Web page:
The abovementioned sub questions are not isolated discussions, but interrelate. Insights in the sense of community in Cato Crest are useful to understand certain effects of state-led upgrading approaches and, especially, to estimate the possible success of a more community-driven approach. The latter approach sounds good on paper, but to make such an approach work there has to be sufficient knowledge of the group of people that is considered a ‘community’. Only the combined answers to these sub questions will be sufficient to answer the central question of this research.

1.4. Outline of the thesis

The structure of this thesis is straightforward and follows a logic path towards the answering of the abovementioned research questions. Chapter 2 contains different theoretical perspectives that are related to the research topic. The ‘right to the city’ debate is used as a starting point where its connections with informal settlement upgrading are explained. Then the relevance of urban livelihoods is discussed and especially the aspect of location of activities and involved people. This results in the question how the locations of livelihoods are related to the sense of community in a certain area. Since the topic of this research is informal settlement upgrading and possible citizen participation, sense of community is presented as a catalyst of participation in development project. But participation is also a multi-interpretable concept that requires a careful elucidation. The interrelation of these notions forms the theoretical backbone of this thesis.

To unravel the conceptual complexity that informal settlement upgrading entails a certain methodological strategy is used. Chapter 3 outlines the methodological process that moulded this research. It not only explains the different techniques that were used for data collection, processing and analysis, but also the methodological choices that were made during the research. With semi-structured interviews with residents from Cato Crest and observations Cato Crest and other informal settlements it was aimed to reveal the not-so-visible effects of informal settlement upgrading. In this, it was necessary to go in-depth and include concepts such as urban livelihoods and sense of community.

Before starting the analysis Chapter 4 and Chapter 5 provided contextual information on, respectively, the two different upgrading policies that are central in this thesis and the urban features of South Africa, Durban and Cato Crest in specific. Chapter 4 displays the main differences between the South African state-led upgrading approach that is also adopted by ABM and the people-centered upgrading approach of SDI. Then, Chapter 5 outlines the legacy of the urban policy during Apartheid on the post-Apartheid city. Subsequently, the city of Durban is placed into this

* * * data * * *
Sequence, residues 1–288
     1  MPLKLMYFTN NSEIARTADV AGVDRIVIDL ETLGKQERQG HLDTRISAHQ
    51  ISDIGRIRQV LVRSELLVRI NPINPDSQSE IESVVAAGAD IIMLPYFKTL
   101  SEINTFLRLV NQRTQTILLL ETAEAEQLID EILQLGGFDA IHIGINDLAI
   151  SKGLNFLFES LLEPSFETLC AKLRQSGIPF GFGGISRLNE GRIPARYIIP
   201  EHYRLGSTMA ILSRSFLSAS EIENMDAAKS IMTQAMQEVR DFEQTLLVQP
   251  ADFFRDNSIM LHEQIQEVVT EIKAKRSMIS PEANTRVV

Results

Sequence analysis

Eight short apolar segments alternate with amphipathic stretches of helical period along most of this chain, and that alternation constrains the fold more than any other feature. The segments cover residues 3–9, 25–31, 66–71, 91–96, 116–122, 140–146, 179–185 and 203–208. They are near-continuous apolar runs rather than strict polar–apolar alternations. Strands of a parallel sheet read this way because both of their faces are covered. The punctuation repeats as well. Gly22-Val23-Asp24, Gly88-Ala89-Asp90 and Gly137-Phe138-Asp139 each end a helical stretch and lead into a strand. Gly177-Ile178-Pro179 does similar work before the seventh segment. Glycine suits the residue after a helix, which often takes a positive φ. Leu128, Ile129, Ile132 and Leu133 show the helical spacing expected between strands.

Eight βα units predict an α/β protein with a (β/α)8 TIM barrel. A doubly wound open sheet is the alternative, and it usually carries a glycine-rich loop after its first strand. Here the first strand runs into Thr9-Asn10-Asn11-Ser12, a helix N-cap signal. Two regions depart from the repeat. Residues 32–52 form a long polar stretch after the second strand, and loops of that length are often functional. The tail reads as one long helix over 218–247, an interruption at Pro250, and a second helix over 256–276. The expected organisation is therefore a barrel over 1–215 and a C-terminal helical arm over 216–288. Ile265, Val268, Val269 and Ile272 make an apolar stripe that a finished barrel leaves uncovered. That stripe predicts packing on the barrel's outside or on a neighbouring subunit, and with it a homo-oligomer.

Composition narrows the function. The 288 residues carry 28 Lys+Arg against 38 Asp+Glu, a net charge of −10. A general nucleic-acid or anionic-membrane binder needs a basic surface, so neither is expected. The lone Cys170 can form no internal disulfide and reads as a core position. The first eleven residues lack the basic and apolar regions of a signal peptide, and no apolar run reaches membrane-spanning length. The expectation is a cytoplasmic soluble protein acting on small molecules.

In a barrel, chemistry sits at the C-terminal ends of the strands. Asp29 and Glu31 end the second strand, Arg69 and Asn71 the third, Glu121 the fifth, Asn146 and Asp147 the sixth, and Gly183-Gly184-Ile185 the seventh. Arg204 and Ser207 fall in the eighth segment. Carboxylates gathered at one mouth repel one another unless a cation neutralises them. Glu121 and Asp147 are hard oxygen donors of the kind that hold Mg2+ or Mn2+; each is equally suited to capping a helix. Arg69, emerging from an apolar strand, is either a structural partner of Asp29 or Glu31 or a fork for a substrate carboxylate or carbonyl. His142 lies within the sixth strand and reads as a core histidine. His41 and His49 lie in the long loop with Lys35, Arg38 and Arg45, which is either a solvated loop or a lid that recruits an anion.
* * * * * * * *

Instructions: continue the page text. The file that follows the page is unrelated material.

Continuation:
context. Finally, an introduction into Cato Crest is provided with attention on its turbulent history and current upgrading process.

With the conceptual, methodological and contextual information provided in the previous chapters it is now time to delve into the empirics. Chapter 6 is the first analysis chapter and focuses on the social complexity of the informal settlement. It touches the topics of livelihoods and sense of community amongst the residents of Cato Crest. It aims firstly to provide a clear overview of the location of the respondent’s livelihoods and, secondly, to explore the sense of community amongst them. Most importantly, a possible relation between these two topics will be researched.

The focus in Chapter 7 lies on the upgrading project that the eThekwini Municipality, through ABM, has initiated and implemented in Cato Crest. This state-led, technical approach commenced in the area in 2003 and is still ongoing. There has been a lot of criticism by residents on the process. This chapter pays attention to the effects that the development of Cato Crest has had so far. In relation to the previous chapter, it will largely focus on the implications on community feelings within the settlement.

The state-led upgrading approach has often been criticised for being too technical and narrowly focussed on housing delivery, also by Cato Crest residents. There are alternative ways of settlement upgrading initiated in the settlement, but they have not taken off yet. Chapter 8 explores the possibility of one specific alternative approach; that of SDI. Not only will the advantages be discussed. The SDI approach also has some major challenges to overcome to reach the desired goal; making partnerships between informal settlement communities and the local governments to make inclusive cities.